In any case, financially it makes more sense to come to the NHL, but it goes beyond just money.  Having your wife potentially go through postpartum depression without her regular support circle or having to move to another country using a different language, taking care of a young baby without parents, family, friends.... it's not a good situation for her, for the baby and even for Nikita.  

 

I mean it would be possible for the Canucks family/organization to help out, with Bo, Gaudette and a few others who are recently married and who know who else has babies and young kids... but the decision isn't just Nikita's alone.  Imagine telling the baby's grandparent that they can't see the baby every few days or weekly when babies are at their cutest.  Not letting your best friend's kids come over for regular playdates.  Making it really difficult for uncles, aunts, etc.... to be a part of the baby's life in its early stages.  

These are real consequences that has to be accounted for when moving overseas.  

Heck, whenever I tell my parents that my wife and I are planning to move to Japan in a few years.... I can almost see the pain in my parents eyes knowing that if/when we move, they will no longer be able to play with their grandchildren daily anymore.... that my parents are getting older now and that eventually they will only be able to see the grand kids a dozen more times, instead of all the time, before they will pass away.  

 

All good points, but you left two scenarios out. A) they don't have to leave it's their choice   B} they new the situation well in advance. Army personel leave home, I left home when i was 16 and not to the next Province over. My son emigrated to EuropeI see my grandchildren every 4-5 years. Life goes on. The good news is he is paid a relative fortune and should be set for life with wise investments

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I got this funny feeling Canucks tentatively signed Tryamkin this week, but aren’t finalizing it until end of playoffs  so they don’t shake Stecher’s confidence. He has scored enough own goals this year - he doesn’t need any more.

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2 hours ago, Slegr said:

I got this funny feeling Canucks tentatively signed Tryamkin this week, but aren’t finalizing it until end of playoffs  so they don’t shake Stecher’s confidence. He has scored enough own goals this year - he doesn’t need any more.

Seems to be a lot of Russian players signing right now. Romanov, Sorokin, Kaprizov etc.

 

Hopefully we can keep that streak going.

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1 hour ago, DeNiro said:

Seems to be a lot of Russian players signing right now. Romanov, Sorokin, Kaprizov etc.

 

Hopefully we can keep that streak going.

This signing period really only affects ELCs I believe in that they can burn that first year of ELC. We could sign Tryamkin at any time basically, he just won't be available to play for this play-in/playoffs.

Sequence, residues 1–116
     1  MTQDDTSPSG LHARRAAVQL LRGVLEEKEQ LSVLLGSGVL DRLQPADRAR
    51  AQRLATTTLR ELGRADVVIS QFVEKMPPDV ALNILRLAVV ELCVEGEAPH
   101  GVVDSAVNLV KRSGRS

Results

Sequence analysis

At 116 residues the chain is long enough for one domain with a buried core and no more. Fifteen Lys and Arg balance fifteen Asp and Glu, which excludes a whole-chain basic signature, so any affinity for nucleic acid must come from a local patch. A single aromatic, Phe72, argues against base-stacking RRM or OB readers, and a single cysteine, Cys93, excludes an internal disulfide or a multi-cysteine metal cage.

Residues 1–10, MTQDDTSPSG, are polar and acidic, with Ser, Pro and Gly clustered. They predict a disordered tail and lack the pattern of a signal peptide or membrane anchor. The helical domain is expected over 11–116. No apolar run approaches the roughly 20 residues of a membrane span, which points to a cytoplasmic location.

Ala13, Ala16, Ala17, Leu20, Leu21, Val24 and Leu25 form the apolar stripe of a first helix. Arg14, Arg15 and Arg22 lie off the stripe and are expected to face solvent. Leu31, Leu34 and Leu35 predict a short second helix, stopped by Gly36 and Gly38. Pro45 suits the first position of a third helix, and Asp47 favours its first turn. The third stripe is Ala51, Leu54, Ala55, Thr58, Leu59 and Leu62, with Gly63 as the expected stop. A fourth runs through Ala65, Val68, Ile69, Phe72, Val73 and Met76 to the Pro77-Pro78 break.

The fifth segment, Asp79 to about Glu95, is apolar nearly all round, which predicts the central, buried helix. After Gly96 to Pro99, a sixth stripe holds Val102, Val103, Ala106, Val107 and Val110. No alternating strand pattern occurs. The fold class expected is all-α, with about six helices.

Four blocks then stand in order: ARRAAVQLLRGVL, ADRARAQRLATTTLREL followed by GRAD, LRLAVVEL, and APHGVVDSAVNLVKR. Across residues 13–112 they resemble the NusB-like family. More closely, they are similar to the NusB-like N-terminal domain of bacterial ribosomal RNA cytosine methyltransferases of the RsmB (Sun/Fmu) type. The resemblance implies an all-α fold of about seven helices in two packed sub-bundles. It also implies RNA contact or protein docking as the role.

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I think his KHL team training camp opens tomorrow, the clock is ticking if he hadn’t signed here yet.

 

No Rathbone or Tryamkin signing yet... we probably need to have one or both of these guys as cheaper replacements next season.

 

 

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57 minutes ago, Provost said:

I think his KHL team training camp opens tomorrow, the clock is ticking if he hadn’t signed here yet.

 

No Rathbone or Tryamkin signing yet... we probably need to have one or both of these guys as cheaper replacements next season.

 

 

Sautner, Brisebois, Rafferty, Chatfield Juolevi, Woo.

 

While I'd certainly welcome both, we don't 'need' either. 

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35 minutes ago, aGENT said:

Sautner, Brisebois, Rafferty, Chatfield Juolevi, Woo.

 

While I'd certainly welcome both, we don't 'need' either. 

None of those guys is a great bet to be NHL regulars, never mind solid top 4 D men.  That is the equivalent of our forward prospect depth 5 years ago when guys like you were slavering over the thought of getting Cassels, Gaunce, and Jensen into our lineup to make up Cup contenders.

Rafferty is the best of the bunch and he is 25 years old with 2 NHL games under his belt.  He is still a long shot to be a difference maker at all.  The rest will be lucky to stick in the NHL at all at this point in their development, we can just hope they take strides over the next few years.

Rathbone is thought of well outside this market as a possible 2nd pairing upside.  Tryamkin is a legit 3rd pairing NHL D now, and maybe can even be a little better.  They would immediately be above anyone in your dog's breakfast of a prospect list in the depth chart.

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13 minutes ago, Provost said:

Rathbone is thought of well outside this market as a possible 2nd pairing upside.  Tryamkin is a legit 3rd pairing NHL D now, and maybe can even be a little better.  They would immediately be above anyone in your dog's breakfast of a prospect list in the depth chart.

Maybe except for someone like Woo who's still pretty green, but it's far from a forgone conclusion.